I arrange both boxes at the same time, hoping to prevent a bottleneck situation where both kids need my help at the same time. I also space assignments out so that items that require handwriting are not back-to-back. Once they are in the box the way they need to be, I use the box numbers to label them. The kids pick each envelope up in order and return it to the back of the box when they are finished. (The workbox book suggests that the child have a separate box in which to place the completed work, but my kids found it confusing and it cluttered up our space. That may be because they are older, and they find it motivating just to see the numbers climb higher and higher towards the end.)

Our family does not do a number strip on which to place the box numbers. I will add more on that later.

We do have a bit of time at the beginning of the school day to do any of our work that is done together, such as reading the Bible, composer and art study, Spanish, and Shakespeare . The workboxes are for individual work, and they come after our group work. Handicrafts, music practice, free reading, playing, and nature study happen mostly in the afternoon, and are not scheduled in workboxes.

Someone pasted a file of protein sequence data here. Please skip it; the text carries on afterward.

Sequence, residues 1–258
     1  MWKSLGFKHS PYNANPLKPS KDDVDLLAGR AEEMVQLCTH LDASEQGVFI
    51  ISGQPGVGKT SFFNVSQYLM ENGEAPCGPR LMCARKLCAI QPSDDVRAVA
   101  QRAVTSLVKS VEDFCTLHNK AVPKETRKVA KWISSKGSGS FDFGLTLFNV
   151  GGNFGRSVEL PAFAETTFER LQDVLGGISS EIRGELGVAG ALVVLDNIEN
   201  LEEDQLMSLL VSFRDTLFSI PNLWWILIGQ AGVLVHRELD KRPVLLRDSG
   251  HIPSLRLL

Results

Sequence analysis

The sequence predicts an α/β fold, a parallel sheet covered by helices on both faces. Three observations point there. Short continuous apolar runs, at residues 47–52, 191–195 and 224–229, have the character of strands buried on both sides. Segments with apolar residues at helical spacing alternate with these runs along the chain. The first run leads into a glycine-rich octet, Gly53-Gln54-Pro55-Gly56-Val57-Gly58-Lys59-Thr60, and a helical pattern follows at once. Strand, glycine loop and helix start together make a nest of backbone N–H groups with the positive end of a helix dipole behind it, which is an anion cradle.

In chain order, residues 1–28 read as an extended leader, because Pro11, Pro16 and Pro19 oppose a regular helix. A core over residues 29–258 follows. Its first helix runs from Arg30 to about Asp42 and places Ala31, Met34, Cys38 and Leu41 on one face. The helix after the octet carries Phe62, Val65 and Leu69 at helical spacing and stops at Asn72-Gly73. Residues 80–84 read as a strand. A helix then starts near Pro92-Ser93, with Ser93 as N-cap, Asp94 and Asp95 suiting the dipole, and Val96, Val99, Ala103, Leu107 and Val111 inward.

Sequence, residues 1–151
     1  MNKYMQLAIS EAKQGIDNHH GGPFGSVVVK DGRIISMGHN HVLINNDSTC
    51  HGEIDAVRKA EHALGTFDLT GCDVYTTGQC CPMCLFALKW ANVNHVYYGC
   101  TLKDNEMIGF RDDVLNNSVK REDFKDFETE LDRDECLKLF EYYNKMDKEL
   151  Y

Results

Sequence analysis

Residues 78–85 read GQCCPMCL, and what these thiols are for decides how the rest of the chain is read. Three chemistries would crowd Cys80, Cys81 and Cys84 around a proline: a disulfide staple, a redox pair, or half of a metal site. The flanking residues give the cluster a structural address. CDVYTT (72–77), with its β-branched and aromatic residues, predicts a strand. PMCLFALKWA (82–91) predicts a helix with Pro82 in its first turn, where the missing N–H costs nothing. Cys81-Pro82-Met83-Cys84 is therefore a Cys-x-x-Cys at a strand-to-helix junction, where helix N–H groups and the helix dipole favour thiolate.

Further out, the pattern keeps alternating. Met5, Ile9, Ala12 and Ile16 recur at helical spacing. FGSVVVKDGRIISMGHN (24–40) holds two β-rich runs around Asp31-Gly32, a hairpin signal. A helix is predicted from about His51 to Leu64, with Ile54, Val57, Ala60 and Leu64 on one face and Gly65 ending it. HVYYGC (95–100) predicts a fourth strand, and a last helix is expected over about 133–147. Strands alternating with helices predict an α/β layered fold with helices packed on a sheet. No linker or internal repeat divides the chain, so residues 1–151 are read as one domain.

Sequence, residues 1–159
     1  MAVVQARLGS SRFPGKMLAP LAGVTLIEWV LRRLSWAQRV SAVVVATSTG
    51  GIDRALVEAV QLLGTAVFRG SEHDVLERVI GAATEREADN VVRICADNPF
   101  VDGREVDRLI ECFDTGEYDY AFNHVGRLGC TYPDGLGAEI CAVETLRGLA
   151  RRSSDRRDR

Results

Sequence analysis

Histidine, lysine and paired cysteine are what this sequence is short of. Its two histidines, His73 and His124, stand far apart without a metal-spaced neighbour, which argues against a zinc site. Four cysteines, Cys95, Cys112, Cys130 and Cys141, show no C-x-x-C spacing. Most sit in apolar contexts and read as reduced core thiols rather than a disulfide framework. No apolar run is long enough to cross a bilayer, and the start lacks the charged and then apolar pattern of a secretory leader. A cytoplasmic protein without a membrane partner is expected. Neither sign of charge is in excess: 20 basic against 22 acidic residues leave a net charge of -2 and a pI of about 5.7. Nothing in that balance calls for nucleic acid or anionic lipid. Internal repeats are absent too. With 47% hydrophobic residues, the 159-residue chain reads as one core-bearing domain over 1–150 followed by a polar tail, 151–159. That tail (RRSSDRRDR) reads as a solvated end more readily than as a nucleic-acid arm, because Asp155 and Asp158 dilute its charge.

This post is getting a bit long, so I will close it and add more tomorrow about how we take better care of our envelopes, and more detail about how we use these.

Monday, August 16, 2010

Back to School Day

Today was our first day of scheduled school for the year. It went pretty well. Mostly because I scheduled a very light day for getting started. We started at 8:30 and everything was done by 11:00!

We are following again this year. Junior is doing Year 4 and Peanut is doing Year 6. Bible, Spanish, Latin, Art, Music, Nature Study and Shakespeare/Plutarch are all done together, then we split up for History, Geography, Science, Math, Writing/Grammar, and Literature.

The big kids did really well getting back into the swing of things, but little Bubby didn't like it much. He did enjoy watching the DVD that we watched for Spanish. He will probably pick up some of that, since it is repetitive.

This year I did something a bit different. I took pictures of the books each kid is using for the first term (12 weeks) of the year.

Here is Peanut's:

and Junior's:

Another tradition we do is to fill out an info sheet on what everyone is interested it, how tall, how old, favorite subject, and we add a picture to that.

Well, that's it for the first 12 weeks. I left out Plutarch's Lives, because I haven't gotten it printed out yet. Julius Caesar is our first guy to study. Also, I haven't figured out what Peanut will do for Latin. The Prima Latina is a little too young for her, and she has already done the first six lessons or so, but it will be good to review that, and if she hates it too much, I will find something else.